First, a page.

I sat up, looked over at him, and let out a “whaaaaaaaaaaat theeeee fuckkkkkkkkkkkk dude” – his response verbatim was “That was beautiful to watch”. I laughed and said not sure what you could see, but smiled so big, felt connected to my higher self for the first time in months if not longer, and had a giant release of emotions through tears whilst keeping that smile. It was unbelievable. In that moment remembering who I am was as powerful a feeling as I could feel. I was also strangely hungry for a burger and wanted a beer. There was a lingering sadness, somehow in feeling like myself I wanted to connect even more with the same person I had been trying to for months and share my experience – but in my core I knew that would not happen and was at peace for the evening.

We talked for quite a while, come to find he has a similar background in finance and had hit a spot of depression in life before starting down the path to where he is today. That night as I ate dinner, I knew in my heart this is something I wanted to pursue, making people more aware and wanting to pay it forward so to speak. In some ways this is what my life was missing – I always loved connecting with and helping people and heading down the path to becoming a therapist myself felt motivating.

I would add to this story that it is not a magical fix, or one time cure for heartbreak, traumatic experiences or anxiety. However in that moment of emotional release, I could take a deep breath and felt more calm than I had in months. From having connected with myself even if only a short while it gave me the reassurance I would not be stuck in this state forever. From being stronger than my anxiety in my experience and pushing through, I felt more whole and ready for what was to come. My nervous system was still feeling the trauma and sadness of recent events, but it was like taking a break for a moment from it all.

The Build-up

My nervous system was completely shot and saying I was unable to function would be an understatement. This was the second time in my life experiencing a panic attack and if you’ve endured one yourself, the worst part is the agoraphobia, fearing if things go wrong you cannot escape or help from others won’t be available. You’re just not yourself & irrational thoughts abound.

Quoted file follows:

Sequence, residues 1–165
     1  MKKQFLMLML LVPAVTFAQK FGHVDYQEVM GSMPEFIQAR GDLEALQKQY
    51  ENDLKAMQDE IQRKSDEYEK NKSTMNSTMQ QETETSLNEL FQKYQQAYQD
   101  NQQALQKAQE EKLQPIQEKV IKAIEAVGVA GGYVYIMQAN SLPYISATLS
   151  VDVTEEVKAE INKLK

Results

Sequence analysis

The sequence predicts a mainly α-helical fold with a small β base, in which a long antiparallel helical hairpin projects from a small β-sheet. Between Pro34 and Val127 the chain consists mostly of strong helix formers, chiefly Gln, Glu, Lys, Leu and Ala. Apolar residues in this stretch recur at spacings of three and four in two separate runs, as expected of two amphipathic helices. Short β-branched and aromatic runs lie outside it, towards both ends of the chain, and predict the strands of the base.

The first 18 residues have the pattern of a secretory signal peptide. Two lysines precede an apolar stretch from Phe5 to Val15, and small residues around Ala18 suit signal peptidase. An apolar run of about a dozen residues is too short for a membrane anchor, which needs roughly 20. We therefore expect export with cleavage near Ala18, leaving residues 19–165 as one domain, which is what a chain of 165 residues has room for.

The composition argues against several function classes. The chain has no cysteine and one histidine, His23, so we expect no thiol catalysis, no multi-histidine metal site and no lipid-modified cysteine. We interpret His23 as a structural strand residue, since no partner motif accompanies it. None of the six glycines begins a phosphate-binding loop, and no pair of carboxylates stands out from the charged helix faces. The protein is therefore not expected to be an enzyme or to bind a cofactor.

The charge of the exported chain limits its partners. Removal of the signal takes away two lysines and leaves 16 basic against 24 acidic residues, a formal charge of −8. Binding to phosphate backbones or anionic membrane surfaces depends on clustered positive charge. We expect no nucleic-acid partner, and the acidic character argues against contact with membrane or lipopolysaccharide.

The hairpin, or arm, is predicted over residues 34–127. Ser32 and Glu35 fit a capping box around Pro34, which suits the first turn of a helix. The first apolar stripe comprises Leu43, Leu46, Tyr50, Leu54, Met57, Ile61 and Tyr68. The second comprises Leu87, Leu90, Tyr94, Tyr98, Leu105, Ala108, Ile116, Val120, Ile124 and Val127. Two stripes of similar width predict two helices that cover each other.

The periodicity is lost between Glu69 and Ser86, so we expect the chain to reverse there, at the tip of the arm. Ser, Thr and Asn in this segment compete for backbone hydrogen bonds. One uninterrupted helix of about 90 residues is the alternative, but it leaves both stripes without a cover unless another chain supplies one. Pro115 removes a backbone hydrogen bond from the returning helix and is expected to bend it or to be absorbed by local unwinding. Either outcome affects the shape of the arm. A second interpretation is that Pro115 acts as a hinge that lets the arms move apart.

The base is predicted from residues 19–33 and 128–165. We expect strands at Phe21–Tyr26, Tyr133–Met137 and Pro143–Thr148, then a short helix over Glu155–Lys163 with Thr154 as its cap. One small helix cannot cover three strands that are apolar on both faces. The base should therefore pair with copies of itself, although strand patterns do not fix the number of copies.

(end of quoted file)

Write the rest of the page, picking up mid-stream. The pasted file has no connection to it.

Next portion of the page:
How I ended up here was the accumulation of a lot of things, and could write for days on end to that topic. Nonetheless something inside really snapped, feeling lost and unable to regulate my emotions or thoughts in a healthy way. It was one too many times feeling safe & home followed by an immediate safe & home feeling being taken away (throttle on/throttle off); in conjunction with absorbing the emotional stressors of people important to me & removing myself from the equation out of love and hope for the individuals for too long, which broke me.

See the picture in my Understanding Trauma page, noting we all have a range of resiliency of how much the nervous system can tolerate.

The emotional up/down/up/down caused a rift between what my heart wanted to feel and explore, and my mind, which was trying to make any rational sense of what to do and how my words of support for this person led to the destruction of the safe & home feeling I just had. I functionally froze, unable to effectively communicate in response and did the worst thing someone could do, grabbed a Xanax to calm myself in order to keep it all together.

Over the course of the next 30 days, flying home to help my mother who was struggling with her health and depending on me, more up/down/up/down, eventually everything would boil over for me.

Open chat
Direct message me here